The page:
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Your Medical Record

 

medical record

The Empowered Mocha Patient is all about fostering a lifestyle of involvement in your own health care, successful disease management & prevention of disease by taking proactive measures. Therefore, this week, I want to share some tips on the importance of a complete medical record and how you can organize your own.

Before moving into to this weeks tips, let’s first address one of the overwhelming concerns in the mocha patient community, lack of trust in health care providers. The majority of us are keenly aware of the Tuskegee experiment. As a result, mocha patients are leery of sharing their complete medical history with a healthcare provider. However, not only is it important that you do this, it is critical to your likelihood of recovery and successful healthcare management. A Washington Post article from 1997 accurately captures how doing so benefits YOU, the mocha patient.

“Blacks’ lack of trust of the health system manifests in many ways, said Reed V. Tuckson, president of Charles R. Drew University of Medicine and Science in Los Angeles and former District of Columbia health commissioner. It begins with the willingness of patients to be honest and forthcoming with their medical history, and “in knowing your best interests will be protected and that the health professional is interested and sensitive to your concerns.” ¹

Despite the best attempts of providers to communicate well with each other, one of the key things to remember about healthcare is that it is still rather fragmented. This is why it is crucial for the patient or their family/advocate to have good records of their medical history, and have this information readily available wherever you go. A personal medical record can be stored in a folder, notebook or for the more tech savvy, there are free websites available, such as Big Blue Button

As you begin to organize your own personal medical record, be sure to should include:

  1. Information about serious medical conditions such as diabetes, high blood pressure, cancer, etc. This also should include family history of disease.
  2. Vaccines received
  3. Current medications being taken
  4. Known reactions to medications
  5. Allergies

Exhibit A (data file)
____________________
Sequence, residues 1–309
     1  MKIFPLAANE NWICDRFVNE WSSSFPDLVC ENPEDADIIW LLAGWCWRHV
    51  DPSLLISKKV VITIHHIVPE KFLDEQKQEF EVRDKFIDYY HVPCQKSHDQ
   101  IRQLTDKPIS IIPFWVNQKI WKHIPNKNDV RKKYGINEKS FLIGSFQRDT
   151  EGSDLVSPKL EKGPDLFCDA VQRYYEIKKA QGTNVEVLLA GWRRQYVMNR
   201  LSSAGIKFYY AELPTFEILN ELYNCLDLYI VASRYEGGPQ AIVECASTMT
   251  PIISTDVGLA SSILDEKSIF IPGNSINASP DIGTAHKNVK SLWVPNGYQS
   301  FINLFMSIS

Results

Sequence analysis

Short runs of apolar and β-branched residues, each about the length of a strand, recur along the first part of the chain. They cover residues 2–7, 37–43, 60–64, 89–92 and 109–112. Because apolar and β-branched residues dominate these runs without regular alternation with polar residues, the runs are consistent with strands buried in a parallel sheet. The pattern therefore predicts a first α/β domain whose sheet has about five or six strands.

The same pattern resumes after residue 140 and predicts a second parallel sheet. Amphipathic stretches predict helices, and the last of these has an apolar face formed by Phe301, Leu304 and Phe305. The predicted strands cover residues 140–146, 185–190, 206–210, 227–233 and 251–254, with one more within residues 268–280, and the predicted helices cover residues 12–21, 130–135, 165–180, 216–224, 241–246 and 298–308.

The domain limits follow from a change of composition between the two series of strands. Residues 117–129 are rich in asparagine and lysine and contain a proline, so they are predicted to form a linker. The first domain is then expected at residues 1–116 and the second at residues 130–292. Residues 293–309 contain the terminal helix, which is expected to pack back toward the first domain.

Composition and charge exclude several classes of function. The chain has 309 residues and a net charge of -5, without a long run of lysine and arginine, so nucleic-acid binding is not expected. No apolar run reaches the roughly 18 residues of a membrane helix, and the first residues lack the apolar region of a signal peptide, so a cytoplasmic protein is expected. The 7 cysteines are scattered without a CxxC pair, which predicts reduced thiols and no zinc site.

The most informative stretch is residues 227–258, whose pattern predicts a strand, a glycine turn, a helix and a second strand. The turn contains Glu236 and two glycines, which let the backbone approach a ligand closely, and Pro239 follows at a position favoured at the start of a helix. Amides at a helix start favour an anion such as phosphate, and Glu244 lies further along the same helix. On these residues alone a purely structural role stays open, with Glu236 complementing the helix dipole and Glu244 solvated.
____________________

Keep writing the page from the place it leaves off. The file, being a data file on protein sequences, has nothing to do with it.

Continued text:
Finally, after you have documented your medical history, be sure to review and update it regularly. Take it along with you for every health care encounter. Discuss your medical history with your provider and be forthcoming about all of your medical history. This can include substance use and abuse, communicable diseases, etc. An Empowered Mocha Patient deserves to be treated holistically, that means your mind, body & spirit. In order for this to occur, you must be completely honest about all of your medical history. It is the responsibility of the provider to accurately assess a patient’s condition, based on the information provided, without judging or criticizing the patient. When you take the time to keep track of your own medical history, you are being an empowered and engaged patient. You are more prepared to ask questions and more likely to be involved in the healthcare decision-making process. Please watch this short presentation for more information and the benefits of creating and maintaining your own personal medical record. http://www.ahrq.gov/video/personalrecord/indivrecord.html ²

References:

  1. Shelton, D. L. (1997, April 15). Mistrust of Doctors Lingers After Tuskegee; Many Blacks Remain Wary — And Underserved — a Quarter-Century After Infamous Syphilis Study. Washington Post. Retrieved from: http://pqasb.pqarchiver.com/washingtonpost/search.html
  2. Creating a Personal Medical Record. Video. March 2010. Agency for Healthcare Research and Quality, Rockville, MD. http://www.ahrq.gov/video/personalrecord/indivrecord.html

 Next week: Building a Better Relationship With Your Provider

 

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